Tag Archives: rada

Updates

Some of you readers have probably noticed a lack of on-topic posts lately. I haven’t seen much remarkable news lately, but more importantly I’ve been busy with work, the gym, eating to sustain those gains, and now martial arts. Luckily we’ve got a bullshit made-up holiday coming up next week and I plan to use that time to create a lot of content for the blog and the Russian Tuesday podcast. So just keep in mind that the lack of updates is in no way due to laziness. I’m either making money or training myself to be better able to choke people out and take their wallets, which is also a money-making enterprise of sorts.

In the meantime, I recommend reading Natalia Antonova’s article regarding the recent Ukrainian parliamentary elections. There has been some good news, namely that parties like the far right-wing Svoboda failed to gain any seats. This actually constitutes a loss for them, as previously they had seats. It’s also refreshing any time you see someone actually acknowledge Svoboda, instead of pretending that the Ukrainian far-right is solely represented by the more marginal Praviy Sektor. For the moment though, it seems Svoboda has been checkmated in parliamentary politics.

As I have remarked before, however, there is a sort of national myth which still prevails in Ukraine, and it provides ample soil in which radical nationalists grow. Of course it doesn’t help when corrupt, chauvinistic Russia deliberately associates itself with symbols of the Soviet Union, the victory over fascism, and socialism. Long ago I wished that the Russian government would simply cast away that mask and openly acknowledge its love of Tsarism, authoritarianism, and reactionary politics, but sadly they still make use of Soviet symbols and history, twisting their meaning and sullying them in the eyes of people living in the shadow of the Russian Federation.  Hopefully Ukraine will start to see the flaws in this national myth, discard it, and with it stop tolerating backward nationalists who live in an early 20th century fantasy land. Ukraine is torn between two capitalist powers. Only socialism or at least a very progressive social democratic system can improve the lives of Ukrainians.  Ukrainian success is also crucial to regaining its lost territories.

As for me, it is very difficult to come out in support of the blue and gold. I want to, but I simply cannot lend my unqualified support to a country which arms nationalist thugs and promotes a radical anti-Communist, anti-socialist right wing myth in place of a national history. If it’s wrong when Russia does it, it’s wrong when Ukraine does it too. Obviously as Ukrainian society seems to be turning on those elements, the football hooligans, the Bandera lovers, and the falsifiers of history who insist that only Ukrainians should be allowed to interpret Ukrainian history, my views change as well, but I’m still waiting to hear a more definitive “fuck you, nationalist scum” from Ukrainian society. Till that happens, my support for Ukraine is merely support for international law against aggression and illegal annexation. Incidentally, things which until recently Vladimir Putin used to condemn.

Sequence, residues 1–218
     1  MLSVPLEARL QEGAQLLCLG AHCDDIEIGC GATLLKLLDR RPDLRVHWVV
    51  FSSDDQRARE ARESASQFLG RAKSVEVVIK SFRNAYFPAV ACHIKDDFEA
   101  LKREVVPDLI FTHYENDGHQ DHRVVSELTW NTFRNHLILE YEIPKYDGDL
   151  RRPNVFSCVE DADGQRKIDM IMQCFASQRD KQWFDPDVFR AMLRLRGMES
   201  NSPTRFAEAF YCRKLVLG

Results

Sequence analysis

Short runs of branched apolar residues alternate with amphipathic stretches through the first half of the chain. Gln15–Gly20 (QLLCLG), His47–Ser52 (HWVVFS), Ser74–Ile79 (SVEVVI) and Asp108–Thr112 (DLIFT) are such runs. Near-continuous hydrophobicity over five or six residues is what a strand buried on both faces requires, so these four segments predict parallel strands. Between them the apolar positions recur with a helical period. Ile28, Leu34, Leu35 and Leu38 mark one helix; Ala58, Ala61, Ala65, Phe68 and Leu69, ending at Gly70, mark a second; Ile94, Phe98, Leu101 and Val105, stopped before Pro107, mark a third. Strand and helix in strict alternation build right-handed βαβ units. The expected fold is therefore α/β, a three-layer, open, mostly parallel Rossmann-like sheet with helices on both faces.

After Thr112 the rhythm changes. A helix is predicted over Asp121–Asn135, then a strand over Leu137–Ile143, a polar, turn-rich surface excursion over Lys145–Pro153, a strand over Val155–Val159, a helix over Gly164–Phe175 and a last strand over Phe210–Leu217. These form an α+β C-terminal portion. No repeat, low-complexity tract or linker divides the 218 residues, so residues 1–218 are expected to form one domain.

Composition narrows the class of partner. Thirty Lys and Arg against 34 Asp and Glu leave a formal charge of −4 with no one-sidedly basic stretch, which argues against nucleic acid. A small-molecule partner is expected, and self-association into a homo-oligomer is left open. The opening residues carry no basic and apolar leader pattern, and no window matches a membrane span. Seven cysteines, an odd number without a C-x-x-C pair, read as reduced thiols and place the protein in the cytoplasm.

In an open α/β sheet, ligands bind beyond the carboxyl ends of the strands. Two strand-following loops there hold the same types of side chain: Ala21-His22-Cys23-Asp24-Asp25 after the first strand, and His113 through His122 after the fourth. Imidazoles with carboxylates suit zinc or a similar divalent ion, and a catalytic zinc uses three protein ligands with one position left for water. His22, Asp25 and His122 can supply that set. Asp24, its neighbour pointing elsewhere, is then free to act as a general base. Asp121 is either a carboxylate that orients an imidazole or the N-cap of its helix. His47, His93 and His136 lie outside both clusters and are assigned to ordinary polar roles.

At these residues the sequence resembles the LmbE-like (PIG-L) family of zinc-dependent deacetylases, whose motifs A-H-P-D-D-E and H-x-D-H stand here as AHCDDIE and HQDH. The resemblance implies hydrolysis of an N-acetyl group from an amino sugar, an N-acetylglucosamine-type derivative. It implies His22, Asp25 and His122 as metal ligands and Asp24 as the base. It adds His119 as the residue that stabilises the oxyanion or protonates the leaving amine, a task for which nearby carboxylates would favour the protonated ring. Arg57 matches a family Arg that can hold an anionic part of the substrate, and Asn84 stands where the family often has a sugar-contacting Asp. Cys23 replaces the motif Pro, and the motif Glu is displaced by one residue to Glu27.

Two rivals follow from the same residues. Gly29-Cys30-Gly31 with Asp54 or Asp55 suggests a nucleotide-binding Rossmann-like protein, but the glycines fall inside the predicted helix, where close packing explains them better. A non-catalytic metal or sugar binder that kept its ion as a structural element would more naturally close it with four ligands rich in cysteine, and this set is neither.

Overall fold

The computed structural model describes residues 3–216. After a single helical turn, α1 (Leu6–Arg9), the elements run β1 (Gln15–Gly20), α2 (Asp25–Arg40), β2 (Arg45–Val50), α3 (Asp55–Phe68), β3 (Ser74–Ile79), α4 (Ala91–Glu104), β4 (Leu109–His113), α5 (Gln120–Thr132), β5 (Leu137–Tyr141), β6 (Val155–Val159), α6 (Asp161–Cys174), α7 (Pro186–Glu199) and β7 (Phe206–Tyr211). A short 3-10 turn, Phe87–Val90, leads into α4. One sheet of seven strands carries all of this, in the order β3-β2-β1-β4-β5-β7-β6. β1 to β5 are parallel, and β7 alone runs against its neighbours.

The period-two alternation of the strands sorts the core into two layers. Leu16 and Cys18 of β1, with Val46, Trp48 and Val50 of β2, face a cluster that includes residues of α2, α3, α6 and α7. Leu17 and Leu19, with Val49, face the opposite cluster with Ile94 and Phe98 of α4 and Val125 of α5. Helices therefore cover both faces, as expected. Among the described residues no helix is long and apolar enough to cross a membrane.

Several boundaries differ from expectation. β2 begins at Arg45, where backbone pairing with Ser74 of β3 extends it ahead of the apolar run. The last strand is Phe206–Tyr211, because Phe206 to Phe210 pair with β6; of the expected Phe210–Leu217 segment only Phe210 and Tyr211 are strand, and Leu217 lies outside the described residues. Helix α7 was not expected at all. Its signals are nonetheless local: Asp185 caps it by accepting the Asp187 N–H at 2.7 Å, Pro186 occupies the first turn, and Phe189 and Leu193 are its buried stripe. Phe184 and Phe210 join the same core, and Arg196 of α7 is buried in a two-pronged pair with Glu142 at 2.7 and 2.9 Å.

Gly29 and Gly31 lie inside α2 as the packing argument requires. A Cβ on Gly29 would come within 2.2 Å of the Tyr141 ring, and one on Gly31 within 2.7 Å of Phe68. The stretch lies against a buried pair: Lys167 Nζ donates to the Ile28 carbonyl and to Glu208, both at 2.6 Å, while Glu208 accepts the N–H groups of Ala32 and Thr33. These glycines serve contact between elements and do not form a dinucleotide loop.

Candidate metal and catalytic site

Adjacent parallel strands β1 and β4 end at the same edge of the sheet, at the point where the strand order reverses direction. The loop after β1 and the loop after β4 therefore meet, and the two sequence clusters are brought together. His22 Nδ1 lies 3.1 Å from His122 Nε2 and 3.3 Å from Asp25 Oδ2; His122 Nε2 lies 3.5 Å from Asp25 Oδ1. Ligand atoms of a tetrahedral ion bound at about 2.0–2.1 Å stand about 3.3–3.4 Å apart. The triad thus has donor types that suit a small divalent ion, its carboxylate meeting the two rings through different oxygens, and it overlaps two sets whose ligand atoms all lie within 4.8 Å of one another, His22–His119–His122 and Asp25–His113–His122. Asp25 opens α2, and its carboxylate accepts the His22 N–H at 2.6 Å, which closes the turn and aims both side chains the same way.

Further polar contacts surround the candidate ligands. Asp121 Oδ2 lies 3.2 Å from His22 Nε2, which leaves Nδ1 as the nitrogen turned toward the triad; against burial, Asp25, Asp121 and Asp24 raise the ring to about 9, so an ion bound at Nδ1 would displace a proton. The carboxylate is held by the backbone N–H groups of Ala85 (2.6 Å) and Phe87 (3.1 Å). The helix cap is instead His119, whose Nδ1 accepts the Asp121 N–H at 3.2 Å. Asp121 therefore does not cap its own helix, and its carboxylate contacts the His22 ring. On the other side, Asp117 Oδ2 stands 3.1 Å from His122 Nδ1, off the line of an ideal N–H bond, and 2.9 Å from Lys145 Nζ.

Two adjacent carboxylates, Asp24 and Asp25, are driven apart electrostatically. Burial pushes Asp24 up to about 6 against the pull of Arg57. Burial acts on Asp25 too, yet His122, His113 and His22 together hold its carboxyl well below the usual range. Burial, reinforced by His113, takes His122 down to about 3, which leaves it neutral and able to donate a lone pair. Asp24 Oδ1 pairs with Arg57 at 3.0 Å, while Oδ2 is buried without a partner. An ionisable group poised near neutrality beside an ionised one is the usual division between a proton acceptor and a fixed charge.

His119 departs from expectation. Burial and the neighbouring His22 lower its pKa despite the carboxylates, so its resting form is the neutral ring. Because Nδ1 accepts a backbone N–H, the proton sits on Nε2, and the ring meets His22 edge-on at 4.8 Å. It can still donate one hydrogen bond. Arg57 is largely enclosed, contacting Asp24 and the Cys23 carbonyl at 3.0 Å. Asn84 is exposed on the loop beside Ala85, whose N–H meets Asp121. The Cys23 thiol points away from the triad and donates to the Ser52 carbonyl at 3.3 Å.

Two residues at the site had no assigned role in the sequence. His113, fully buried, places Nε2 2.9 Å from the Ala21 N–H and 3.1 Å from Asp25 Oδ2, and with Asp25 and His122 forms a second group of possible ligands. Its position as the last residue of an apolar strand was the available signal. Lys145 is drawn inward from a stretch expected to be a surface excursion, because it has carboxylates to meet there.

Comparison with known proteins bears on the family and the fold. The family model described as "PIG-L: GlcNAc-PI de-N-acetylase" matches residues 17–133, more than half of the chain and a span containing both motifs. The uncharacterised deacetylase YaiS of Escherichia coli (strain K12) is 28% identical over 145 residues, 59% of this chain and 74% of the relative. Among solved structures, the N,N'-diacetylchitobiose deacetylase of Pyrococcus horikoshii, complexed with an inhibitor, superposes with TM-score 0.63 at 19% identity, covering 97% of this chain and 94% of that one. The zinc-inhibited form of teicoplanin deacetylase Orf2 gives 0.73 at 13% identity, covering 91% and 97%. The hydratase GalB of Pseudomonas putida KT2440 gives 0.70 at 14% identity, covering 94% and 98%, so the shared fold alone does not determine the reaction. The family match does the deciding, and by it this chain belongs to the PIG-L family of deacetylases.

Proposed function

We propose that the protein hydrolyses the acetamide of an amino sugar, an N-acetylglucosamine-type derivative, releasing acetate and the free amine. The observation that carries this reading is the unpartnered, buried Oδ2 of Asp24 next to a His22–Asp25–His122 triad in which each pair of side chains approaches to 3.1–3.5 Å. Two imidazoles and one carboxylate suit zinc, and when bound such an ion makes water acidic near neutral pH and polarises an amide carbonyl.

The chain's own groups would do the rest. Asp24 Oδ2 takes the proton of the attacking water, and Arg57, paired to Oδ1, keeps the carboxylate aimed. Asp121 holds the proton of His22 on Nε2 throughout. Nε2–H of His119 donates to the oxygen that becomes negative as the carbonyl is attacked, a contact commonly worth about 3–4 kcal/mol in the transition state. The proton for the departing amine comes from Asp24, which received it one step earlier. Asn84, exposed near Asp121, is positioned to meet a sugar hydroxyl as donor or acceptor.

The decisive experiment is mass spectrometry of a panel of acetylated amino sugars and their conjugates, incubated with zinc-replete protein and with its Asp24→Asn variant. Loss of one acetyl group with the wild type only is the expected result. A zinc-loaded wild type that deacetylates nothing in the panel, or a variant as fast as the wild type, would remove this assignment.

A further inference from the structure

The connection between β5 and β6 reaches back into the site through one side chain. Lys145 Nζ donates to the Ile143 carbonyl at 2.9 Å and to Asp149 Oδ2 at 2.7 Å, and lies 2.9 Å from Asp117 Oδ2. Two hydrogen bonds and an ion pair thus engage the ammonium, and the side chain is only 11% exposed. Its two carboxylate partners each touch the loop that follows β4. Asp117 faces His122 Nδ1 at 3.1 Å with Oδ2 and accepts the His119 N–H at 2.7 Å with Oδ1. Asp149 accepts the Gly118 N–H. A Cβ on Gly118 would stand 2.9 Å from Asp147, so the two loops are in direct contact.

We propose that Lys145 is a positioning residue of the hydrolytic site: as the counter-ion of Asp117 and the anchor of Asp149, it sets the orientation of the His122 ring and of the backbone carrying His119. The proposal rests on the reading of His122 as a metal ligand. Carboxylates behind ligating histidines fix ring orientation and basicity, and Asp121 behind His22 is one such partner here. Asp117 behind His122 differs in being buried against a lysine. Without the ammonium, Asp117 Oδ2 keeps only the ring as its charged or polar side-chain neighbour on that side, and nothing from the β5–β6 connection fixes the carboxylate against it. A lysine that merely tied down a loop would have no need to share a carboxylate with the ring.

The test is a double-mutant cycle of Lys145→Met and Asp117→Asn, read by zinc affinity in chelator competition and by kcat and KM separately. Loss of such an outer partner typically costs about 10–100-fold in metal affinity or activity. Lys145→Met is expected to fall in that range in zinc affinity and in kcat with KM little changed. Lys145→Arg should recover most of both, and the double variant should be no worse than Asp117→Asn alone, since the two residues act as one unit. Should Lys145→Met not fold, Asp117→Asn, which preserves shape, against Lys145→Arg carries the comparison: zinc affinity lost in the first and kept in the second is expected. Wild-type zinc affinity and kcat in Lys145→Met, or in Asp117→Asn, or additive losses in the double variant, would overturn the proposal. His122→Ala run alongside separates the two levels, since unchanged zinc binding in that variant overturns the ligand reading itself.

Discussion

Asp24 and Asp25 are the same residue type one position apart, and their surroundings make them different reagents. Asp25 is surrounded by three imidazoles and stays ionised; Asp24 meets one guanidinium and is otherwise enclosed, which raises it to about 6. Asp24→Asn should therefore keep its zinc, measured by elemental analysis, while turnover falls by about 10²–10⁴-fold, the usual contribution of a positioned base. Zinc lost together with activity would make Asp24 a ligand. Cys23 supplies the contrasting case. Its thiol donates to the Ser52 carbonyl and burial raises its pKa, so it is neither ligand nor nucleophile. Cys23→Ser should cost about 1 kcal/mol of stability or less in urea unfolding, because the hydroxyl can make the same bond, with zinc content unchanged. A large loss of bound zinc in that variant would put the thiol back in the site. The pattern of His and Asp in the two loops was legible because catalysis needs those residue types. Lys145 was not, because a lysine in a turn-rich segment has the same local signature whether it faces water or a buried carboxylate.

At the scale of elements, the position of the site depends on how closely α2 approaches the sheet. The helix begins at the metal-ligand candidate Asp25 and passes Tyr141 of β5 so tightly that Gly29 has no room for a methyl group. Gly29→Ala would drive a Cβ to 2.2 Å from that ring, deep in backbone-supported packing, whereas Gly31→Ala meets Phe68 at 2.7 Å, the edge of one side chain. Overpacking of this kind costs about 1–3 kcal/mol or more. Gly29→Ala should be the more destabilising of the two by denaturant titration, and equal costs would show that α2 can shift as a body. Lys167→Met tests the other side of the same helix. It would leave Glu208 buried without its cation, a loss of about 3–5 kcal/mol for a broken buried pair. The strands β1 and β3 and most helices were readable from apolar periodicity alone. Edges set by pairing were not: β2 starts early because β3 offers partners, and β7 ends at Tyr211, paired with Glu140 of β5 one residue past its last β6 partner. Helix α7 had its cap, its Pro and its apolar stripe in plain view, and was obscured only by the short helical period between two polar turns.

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Drinking game

Here’s a fun drinking game. Read this article about the parliamentary elections in Ukraine and take a drink every time you see the word “Europe” or “European.”  Depending on what you’re drinking, you may end the article with a decent buzz.

Some other highlights include one person repeating the claim that Ukraine has broken with her Soviet past, a favorite meme of Maidan supporters and their well-wishers. Of course they haven’t broken with backward, early 20th century nationalism which is far more regressive than the USSR’s ideology, but that’s okay because the most important thing in this crisis-ridden economy is blaming other people for your problems and staying as far away from socialism as you can. Hence the rise of right-wing politics all over Europe and Russia.  Every time nationalists have had any significant influence on Ukraine, the results have been awful. The last time costs Ukraine valuable territory, but some people simply do not learn.

If this sounds like I’m putting all the blame on Ukraine, ask yourself as to why right-wing nationalism is tolerated in Ukraine, while the media condemns it in Russia. After all, Russians also seem to be breaking with their socialist past and embracing a neo-imperialist ideology.  Had Maidan not tolerated right-wing nationalists and instead aimed to unite all people of the country, Russia wouldn’t have found a willing fifth column to support its irredentist schemes. Now Ukraine is likely to be a more or less divided country for generations to come. The idea that a European Union association agreement will do anything to reverse that process at this point is simply laughable.